Electrical design is just the beginning of an electronics product. Thermals are an essential component in the creation of a reliable design. This blog introduces thermals as a brush up for established engineers as well as a new concept for hobbyists.
Semiconductors are not 100% efficient. The power lost is transferred as heat. Because semiconductors are energy enhanced devices, thermals play a major part in both performance and product survival. This is true whether or not the device is analog or digital. Switching power loss is based on frequency. With today’s advancement in speed, power losses go up as well. Therefore, it’s good to know how much heat a device creates as well as how to dissipate the heat favorably.
Prior to getting into the subject of junction temperature, realize that there is thermal impedance and thermal resistance. Thermal impedance is time based. Thermal resistance is based on steady state operation. Picture a pan on the stove. It takes a while to heat up, doesn’t it? The same is true for a junction. It takes a while for the heat to escape the junction. Knowing this is key to avoiding a device meltdown.
Power dissipation mainly occurs due to conduction, switching, and transient events where voltage and current are present simultaneously. Power dissipation has the units of watts. Voltage multiplied by current gives power (watts = volts x amps). Compute it for a small period and you have the transient thermal temperature. Average it out over time and you have the steady state temperature rise of the junction.
We now have the units of watts that give us power loss. Thermal resistance is given in degrees Celsius per watt. Using the factor label method and borrowing from this most excellent publication by Diodes Inc. we get:
) = (Tj –Tx) / P
Where P is the dissipated power (heat) that flows from the junction to the point ‘X’. Ideally, during this measurement, close to 100% of the power should flow from the junction to the point ‘X’. This figure depends only on the physical properties of the heat flow path and is independent of the amount of power dissipated or the size of board the device is mounted on.”
Note that the Greek symbol “theta” is the thermal resistance in degrees Celsius per watt. Bouncing over to Wikipedia, we can see how the thermal resistance along a path is nothing more than a series of resistors as shown in the following figure.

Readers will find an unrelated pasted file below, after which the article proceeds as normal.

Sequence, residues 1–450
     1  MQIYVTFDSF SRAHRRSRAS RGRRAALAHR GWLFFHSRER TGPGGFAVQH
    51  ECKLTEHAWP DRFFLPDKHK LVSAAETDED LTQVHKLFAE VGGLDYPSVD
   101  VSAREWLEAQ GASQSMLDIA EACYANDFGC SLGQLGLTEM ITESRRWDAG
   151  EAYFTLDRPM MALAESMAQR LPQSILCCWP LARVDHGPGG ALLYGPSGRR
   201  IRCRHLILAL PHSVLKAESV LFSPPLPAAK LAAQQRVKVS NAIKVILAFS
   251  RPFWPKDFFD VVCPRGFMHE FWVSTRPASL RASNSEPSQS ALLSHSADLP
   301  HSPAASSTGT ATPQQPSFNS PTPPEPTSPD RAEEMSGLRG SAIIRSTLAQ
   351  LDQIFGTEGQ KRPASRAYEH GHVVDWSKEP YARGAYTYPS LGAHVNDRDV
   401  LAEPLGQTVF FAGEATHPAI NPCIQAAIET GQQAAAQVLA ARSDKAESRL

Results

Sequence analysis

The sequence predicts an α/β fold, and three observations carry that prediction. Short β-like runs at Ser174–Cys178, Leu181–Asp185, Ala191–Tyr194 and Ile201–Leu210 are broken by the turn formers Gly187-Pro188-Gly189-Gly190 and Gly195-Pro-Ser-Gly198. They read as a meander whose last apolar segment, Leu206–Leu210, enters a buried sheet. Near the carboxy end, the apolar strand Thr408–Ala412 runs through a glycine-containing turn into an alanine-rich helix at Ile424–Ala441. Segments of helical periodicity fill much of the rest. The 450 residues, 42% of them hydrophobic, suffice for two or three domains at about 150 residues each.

Now we have a basic idea of the temperature rise or fall along the way. Of course there are unfair instances such as high ambient temperatures, air flow or lack thereof, and surrounding components that are also contributing heat. This equation does however give a basic idea of the temperatures at certain points which may just explain why that surface mount package keeps unsoldering itself from the printed circuit board (PCB).
As in electrical analysis, resistors are not components that have time varying characteristics. In order to do that, capacitances are placed in parallel with the resistors to create exponential curves that mess up the first order of thought processes based upon basic straight-line algebra. In a way, I think electrical engineers do this to get back at mechanical engineers for those pesky thermal dynamics courses.
That is about as far as I want to go in this initial, introductory blog. I encourage feedback as always to steer future blog subjects on thermals. I have provided some valuable references that describe this aspect of design for proper junction temperature. The TI application note explains packages, surface mounting, and a host of other goodies. The Diodes Inc, University of Colorado, and Cheggs references go more into the device physics.
Physics? Yuck! Mom, he just swore. A fun degree to have now but a pain to obtain. Glad I did it now lay off my kid as he struggles through chemistry. I never used that useless subject so why bother him with it if he wants to lay out automobile designs for a living? My trigger finger is twitching at the thought of it and those tests where I averaged in the 30 percentile. Memorize this! Practical problem solvers choose to look it up and not memorize something you’re going to forget eventually anyway.
- Semiconductor and IC Package Thermal Metrics, Application Report SPRA953C–December 2003–Revised April 2016
- Understanding Semiconductor Thermal Resistance Data, Siva Uppuluri, Applications Engineer, Diodes Inc.
- “The term, kT/q , appears often in semiconductor device equations...” Chegg Study Textbook Solutions
- Principles of Semiconductor Devices, 4.2. Structure and principle of operation, Chapter 4: p-n Junctions B. Van Zeghbroeck, 2011